However, I ended up meeting lots of locals, more able to communicate and find more common ground with them than I had in Cambodia or Laos, and had so much fun exploring Cameron Highlands, the jungles of Borneo, and the gorgeous islands.

The cherry on top? They were all affordable. An overnight bus from Kuala Lumpur to the Perhentian Islands costs as little as $8, there are so many interesting local neighborhoods and markets that are free to explore, and finally, the Malaysian cuisine is like no other – you can find food from just about any culture and it’s so cheap and delicious – but not necessarily healthy. Malaysia is also one of the cheapest places in the world to get a PADI scuba diving certificate.

The one thing that could make Malaysia expensive to travel in is alcohol, which is highly taxed. However, if you don’t plan on drinking every night, that will not be an issue.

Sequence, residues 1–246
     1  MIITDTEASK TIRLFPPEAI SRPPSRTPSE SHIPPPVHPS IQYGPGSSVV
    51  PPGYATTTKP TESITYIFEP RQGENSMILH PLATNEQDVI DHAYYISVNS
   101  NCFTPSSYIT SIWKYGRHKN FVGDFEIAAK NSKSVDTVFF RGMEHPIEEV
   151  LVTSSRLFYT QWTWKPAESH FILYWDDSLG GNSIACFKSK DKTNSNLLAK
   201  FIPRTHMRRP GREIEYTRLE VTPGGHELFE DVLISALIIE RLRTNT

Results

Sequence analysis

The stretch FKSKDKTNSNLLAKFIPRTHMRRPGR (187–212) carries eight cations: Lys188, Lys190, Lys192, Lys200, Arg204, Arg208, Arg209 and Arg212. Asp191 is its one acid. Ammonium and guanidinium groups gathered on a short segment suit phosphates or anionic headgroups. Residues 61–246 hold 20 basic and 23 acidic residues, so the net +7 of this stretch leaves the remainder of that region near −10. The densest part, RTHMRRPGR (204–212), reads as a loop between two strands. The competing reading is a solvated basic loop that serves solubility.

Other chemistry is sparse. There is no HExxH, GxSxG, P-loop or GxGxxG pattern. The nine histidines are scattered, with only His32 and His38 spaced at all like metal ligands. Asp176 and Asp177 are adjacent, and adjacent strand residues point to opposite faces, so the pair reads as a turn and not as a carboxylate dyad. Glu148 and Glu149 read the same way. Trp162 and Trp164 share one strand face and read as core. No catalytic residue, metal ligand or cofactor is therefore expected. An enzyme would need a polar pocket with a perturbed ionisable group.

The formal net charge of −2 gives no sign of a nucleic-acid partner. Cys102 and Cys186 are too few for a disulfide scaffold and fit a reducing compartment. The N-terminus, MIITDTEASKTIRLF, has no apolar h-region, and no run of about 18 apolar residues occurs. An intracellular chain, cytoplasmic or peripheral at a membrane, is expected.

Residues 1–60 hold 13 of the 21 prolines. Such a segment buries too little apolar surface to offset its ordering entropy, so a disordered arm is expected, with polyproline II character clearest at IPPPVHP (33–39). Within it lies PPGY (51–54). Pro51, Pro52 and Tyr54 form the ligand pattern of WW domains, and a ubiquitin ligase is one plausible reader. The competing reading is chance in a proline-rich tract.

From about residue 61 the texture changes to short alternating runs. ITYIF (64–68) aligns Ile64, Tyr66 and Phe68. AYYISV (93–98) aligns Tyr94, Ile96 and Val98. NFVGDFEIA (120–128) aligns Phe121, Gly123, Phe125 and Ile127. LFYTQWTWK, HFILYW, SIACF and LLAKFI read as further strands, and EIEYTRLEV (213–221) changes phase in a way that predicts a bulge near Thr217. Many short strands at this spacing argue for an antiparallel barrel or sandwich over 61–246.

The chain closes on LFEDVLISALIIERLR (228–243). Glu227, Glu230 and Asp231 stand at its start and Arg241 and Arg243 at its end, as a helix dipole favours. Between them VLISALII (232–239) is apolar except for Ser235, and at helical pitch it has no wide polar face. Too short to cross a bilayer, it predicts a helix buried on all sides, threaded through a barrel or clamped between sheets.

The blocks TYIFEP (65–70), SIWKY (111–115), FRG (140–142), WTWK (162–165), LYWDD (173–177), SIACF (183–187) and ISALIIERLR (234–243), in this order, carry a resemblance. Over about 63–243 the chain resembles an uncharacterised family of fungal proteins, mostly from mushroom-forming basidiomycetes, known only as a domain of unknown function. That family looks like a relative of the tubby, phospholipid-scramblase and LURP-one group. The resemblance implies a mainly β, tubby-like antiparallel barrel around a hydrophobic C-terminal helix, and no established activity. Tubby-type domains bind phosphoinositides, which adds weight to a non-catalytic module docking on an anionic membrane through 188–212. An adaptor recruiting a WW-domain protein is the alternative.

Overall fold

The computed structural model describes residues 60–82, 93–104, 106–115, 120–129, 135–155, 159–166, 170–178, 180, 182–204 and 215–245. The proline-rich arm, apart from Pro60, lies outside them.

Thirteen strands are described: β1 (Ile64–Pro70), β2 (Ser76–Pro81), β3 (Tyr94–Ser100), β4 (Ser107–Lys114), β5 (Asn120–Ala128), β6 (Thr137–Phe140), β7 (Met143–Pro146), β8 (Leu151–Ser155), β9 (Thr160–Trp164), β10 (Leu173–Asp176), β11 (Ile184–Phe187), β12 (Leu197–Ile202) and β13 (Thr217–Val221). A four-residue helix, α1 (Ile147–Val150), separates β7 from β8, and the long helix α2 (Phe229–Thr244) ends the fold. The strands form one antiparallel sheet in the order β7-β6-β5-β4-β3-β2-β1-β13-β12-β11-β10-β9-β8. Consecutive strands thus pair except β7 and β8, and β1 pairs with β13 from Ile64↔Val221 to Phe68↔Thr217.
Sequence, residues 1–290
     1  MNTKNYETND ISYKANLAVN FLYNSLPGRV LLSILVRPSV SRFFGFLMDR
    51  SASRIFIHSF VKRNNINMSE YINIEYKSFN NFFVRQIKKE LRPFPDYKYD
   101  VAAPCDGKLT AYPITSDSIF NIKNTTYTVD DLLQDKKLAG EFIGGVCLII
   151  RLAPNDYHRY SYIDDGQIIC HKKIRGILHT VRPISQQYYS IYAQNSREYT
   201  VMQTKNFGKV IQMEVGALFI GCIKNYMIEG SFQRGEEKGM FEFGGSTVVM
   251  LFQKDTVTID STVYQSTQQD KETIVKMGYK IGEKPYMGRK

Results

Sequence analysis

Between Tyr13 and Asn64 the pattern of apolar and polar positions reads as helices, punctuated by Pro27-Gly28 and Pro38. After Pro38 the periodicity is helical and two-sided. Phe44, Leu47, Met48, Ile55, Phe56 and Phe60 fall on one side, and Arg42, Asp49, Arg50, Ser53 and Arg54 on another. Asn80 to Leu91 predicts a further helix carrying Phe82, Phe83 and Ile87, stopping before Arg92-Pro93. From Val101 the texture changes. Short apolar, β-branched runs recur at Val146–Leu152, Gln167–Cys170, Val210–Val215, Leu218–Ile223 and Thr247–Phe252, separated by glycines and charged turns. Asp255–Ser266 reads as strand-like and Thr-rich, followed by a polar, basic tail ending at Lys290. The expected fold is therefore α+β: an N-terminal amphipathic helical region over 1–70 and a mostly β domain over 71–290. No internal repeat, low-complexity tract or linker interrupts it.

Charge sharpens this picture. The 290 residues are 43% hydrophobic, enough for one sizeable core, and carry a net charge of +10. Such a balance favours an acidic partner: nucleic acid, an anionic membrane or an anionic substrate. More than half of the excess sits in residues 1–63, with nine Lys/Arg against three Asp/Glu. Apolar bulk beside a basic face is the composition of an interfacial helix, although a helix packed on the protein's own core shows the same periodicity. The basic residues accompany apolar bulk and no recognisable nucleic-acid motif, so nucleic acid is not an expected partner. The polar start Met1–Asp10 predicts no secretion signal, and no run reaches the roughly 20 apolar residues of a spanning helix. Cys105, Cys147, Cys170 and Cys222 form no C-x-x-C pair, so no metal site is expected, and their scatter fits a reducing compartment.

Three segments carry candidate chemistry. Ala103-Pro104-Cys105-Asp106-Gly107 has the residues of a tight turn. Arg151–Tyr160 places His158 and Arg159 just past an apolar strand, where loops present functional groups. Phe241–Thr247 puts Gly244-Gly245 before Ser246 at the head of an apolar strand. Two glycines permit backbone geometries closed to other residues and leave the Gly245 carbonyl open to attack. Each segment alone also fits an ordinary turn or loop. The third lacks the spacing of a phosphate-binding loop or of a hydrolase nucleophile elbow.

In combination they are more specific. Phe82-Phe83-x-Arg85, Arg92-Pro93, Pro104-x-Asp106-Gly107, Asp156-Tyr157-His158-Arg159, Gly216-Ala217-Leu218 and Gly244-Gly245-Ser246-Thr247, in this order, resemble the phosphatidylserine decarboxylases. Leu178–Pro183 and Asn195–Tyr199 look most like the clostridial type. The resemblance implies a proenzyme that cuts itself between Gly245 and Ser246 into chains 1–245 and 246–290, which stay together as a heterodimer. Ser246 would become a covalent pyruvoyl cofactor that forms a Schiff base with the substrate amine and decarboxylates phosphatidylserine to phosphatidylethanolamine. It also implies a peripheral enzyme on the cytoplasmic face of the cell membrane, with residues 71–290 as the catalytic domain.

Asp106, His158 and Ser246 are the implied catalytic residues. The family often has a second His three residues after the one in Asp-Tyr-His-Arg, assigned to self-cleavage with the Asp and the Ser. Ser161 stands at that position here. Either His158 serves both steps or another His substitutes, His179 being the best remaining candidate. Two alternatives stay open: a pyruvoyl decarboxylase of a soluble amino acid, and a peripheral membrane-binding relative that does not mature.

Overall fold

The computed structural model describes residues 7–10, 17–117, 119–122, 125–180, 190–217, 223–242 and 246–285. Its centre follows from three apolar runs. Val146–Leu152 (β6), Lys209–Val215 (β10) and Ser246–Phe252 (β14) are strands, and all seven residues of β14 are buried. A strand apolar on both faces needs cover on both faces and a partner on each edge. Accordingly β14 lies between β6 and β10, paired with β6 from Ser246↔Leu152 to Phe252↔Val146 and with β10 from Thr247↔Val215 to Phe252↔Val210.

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  • Meals: $5 – $10 per day. Some hostels provide breakfast
  • Accommodation: $5 – $15 per night in a hostel
  • Transportation: $3 – $5 for a full day of train and bus rides, or $8 – $15 for an overnight intercity bus ride
  • SIM card with data: $8 for 2GB with 30-day validity

How Low Can You Go?

The suggested budget above includes basic accommodation, transportation, and 3 meals with a mix of simple breakfasts, hearty lunches, and light dinners, as well as Internet and 1 paid activity for the day. You will need to add on the other costs like shopping, alcohol, little splurges here and there to understand how much exactly is needed.

Some may want to dive, which are typically higher cost activities, and some just want to walk around and explore the local neighborhoods. If you are on a shoestring budget, the suggested budgets can be cut down further should you choose to couchsurf, hitchhike, and skip certain activities.

Are there any that you would add to this list? Let us know in the comments below!